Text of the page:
In addition to a new promoter (Top Rank) and manager (Frank Espinoza), Darchinyan also has a new trainer. For the second fight in a row, he is working with Edmond Tarverdyan, who also trains UFC women’s champion Ronda Rousey.

“We respect Donaire as a boxer,” said Tarverdyan, six years his fighter’s junior. “He’s going to come in with a champion’s mentality of redeeming himself. We want the best Nonito. He’s a puzzle we are going to have to solve, and we don’t want excuses.”

After Rigondeaux gave Donaire a boxing clinic, he candidly admitted in the ring that he didn’t do his homework on the Cuban, and also complained of a lame shoulder. Tarverdyan also believes Rigondeaux provided one of the pieces to the puzzle they are trying to solve. For this camp, they’re channeling the former Olympian in Darchinyan and reverting back to his amateur days, where he amassed 170 bouts, 152 wins, and 105 knockouts. In addition to Will Tomlinson and Roger Gonzalez, they also brought in two-time Mexican Olympian Oscar Valdez as his sparring partner.

As the saying goes, “it takes two to tango” — Darchinyan is more into rhythms and movements that look like he’s dancing to dubstep, while Donaire mirrors more the Paso Doble.

Is it fathomable Darchinyan will have a new style up his sleeve?

“Vic knows how to box,” Tarverdyan said. “He understands that it’s not going to be by moving forward and knocking his head off with one punch. Nonito’s not going to stand in front of him. For us to get the victory, we have to be smarter than that. It’s my job for him not to get excited and try to kill Nonito. But if he gets him, he’s not going to let go. If it becomes a brawl, we’ll surly have fireworks. At the end of the day, Vic is Vic.”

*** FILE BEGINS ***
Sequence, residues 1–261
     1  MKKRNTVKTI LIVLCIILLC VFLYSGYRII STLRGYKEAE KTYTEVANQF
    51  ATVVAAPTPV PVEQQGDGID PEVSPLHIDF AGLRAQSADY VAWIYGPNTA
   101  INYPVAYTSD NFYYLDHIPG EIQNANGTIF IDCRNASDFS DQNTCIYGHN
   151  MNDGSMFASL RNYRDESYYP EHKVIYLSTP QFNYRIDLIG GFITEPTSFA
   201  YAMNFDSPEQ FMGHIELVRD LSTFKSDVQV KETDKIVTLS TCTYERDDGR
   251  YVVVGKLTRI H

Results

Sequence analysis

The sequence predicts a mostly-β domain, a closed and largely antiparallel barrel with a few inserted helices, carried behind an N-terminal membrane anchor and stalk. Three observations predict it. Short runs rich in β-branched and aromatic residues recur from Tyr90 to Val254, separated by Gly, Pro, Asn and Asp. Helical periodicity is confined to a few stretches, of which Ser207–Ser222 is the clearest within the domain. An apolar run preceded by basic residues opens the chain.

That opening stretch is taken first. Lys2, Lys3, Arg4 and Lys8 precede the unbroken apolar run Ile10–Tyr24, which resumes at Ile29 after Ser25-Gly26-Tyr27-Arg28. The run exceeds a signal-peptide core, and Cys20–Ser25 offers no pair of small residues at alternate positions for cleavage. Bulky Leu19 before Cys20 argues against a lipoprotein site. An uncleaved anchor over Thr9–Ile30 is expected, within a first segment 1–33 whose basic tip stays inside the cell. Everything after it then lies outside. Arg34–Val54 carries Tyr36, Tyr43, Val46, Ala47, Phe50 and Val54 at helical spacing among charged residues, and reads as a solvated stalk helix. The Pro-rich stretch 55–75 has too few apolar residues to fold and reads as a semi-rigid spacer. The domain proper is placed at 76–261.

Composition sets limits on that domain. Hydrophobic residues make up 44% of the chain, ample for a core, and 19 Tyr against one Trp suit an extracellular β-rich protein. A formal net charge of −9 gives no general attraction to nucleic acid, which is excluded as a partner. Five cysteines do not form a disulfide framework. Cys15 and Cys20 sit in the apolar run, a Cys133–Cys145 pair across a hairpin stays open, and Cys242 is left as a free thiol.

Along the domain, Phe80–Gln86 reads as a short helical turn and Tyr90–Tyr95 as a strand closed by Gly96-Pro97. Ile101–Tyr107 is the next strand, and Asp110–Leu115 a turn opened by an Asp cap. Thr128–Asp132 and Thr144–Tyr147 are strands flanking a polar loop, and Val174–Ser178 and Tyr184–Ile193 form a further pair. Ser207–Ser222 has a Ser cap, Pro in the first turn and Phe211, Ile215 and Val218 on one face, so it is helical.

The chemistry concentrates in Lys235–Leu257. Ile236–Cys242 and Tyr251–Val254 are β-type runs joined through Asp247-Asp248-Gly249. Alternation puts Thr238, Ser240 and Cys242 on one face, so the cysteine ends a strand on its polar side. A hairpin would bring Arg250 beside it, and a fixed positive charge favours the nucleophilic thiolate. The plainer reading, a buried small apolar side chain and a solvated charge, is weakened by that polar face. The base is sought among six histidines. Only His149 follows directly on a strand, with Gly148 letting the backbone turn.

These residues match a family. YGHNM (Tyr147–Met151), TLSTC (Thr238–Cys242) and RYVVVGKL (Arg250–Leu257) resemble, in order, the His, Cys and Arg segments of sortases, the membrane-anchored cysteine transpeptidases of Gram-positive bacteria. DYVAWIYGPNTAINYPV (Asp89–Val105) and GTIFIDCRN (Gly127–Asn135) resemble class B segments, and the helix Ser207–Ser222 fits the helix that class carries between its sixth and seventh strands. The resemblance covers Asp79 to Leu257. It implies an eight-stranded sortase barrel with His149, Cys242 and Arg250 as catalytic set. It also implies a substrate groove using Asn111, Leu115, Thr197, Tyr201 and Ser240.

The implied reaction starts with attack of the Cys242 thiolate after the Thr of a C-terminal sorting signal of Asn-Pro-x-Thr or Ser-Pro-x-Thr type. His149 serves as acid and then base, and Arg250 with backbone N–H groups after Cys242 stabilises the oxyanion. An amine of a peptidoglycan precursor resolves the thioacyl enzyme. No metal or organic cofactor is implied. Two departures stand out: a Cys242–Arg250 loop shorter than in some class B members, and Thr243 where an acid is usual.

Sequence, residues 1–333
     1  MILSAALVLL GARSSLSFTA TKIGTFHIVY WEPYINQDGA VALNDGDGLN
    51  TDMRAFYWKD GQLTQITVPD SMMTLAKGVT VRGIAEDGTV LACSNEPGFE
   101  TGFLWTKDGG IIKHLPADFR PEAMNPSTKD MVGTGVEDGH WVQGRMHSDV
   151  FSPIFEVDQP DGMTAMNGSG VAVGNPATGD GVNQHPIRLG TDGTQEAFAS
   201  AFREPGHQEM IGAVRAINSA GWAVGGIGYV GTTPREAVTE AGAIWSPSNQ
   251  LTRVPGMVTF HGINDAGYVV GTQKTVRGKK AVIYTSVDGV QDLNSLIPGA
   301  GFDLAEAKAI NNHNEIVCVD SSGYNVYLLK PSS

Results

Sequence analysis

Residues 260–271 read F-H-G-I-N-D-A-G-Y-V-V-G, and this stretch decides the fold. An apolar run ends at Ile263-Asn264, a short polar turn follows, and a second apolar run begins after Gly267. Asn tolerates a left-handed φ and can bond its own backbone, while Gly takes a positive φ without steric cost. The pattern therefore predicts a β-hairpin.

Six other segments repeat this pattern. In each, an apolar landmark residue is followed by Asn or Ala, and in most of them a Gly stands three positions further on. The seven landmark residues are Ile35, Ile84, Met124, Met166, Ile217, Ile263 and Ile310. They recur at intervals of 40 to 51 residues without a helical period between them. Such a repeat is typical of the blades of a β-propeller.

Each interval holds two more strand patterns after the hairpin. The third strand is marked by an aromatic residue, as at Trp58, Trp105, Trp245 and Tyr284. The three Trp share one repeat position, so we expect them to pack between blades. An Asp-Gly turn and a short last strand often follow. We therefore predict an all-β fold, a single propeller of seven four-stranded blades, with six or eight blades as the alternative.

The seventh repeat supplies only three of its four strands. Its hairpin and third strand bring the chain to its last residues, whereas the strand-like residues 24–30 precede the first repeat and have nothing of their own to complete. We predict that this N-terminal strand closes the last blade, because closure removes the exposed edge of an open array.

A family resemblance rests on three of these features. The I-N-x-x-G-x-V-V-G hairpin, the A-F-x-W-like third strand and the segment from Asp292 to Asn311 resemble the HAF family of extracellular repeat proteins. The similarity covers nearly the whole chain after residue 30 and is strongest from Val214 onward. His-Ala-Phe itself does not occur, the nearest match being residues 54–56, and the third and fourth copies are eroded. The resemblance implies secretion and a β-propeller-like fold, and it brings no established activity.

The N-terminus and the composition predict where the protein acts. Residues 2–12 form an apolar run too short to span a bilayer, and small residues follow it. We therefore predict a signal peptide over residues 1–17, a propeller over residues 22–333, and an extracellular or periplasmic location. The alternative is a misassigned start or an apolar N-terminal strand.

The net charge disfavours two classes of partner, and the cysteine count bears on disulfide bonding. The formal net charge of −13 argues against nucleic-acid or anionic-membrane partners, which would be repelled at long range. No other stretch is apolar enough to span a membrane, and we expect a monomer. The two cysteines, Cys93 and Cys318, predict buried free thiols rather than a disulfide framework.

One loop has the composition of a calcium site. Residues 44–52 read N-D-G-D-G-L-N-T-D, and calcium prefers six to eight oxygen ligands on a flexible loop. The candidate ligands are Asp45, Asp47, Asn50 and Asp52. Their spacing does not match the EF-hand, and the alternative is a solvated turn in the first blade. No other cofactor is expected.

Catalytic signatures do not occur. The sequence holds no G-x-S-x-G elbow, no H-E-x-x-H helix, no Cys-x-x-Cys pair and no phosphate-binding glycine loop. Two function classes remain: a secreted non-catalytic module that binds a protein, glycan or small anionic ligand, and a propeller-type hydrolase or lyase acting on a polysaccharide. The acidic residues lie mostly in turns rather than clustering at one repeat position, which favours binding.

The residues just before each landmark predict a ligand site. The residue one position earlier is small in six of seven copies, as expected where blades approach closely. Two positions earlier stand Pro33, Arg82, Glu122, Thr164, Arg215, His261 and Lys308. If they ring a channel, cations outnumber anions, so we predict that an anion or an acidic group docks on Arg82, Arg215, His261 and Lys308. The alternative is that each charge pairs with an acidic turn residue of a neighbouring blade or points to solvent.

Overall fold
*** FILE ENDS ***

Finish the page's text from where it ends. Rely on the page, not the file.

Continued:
The Vic most of us know is the one that uses his offense as his defense, looking for the one-punch knockout.

Darchinyan is also training in a gym where he’s not even the hottest fighter – and that can be interpreted in more ways than one. Ronda Rousey, the face of women’s mixed martial arts, has been training alongside Darchinyan, who she calls his favorite boxer of all time, and a mentor. The two have even sparred.

“There is no one in the world that fights like him,” Rousey said. “I love his attitude, his intensity, his pace. The way he carries himself really sets him apart. He’s not one of those fighters who simply goes in there to win a match; he truly wants to beat up his opponent. There are cruel intentions with every punch that he throws. He cares about the show he puts on for fans, and that’s what makes him unique. I respect that about him.”

For the last two months, Darchinyan has left his family behind in Australia and moved his camp to Los Angeles, where he trains at Tarverdyan’s Glendale Fighting Club.

At 37, his fire still burns. He couldn’t care less if he was fighting in an untelevised four-rounder; all he’s been yearning for is another date with Donaire.

“I’m going to be the one making the adjustments, bringing the punches, and breaking him down,” he said. “He’s a chicken. He doesn’t trade punches. I’ve been waiting for this fight too long. I’m going to demolish him. All I want to do is knock him out and send him into retirement. I made him, and I will break him.”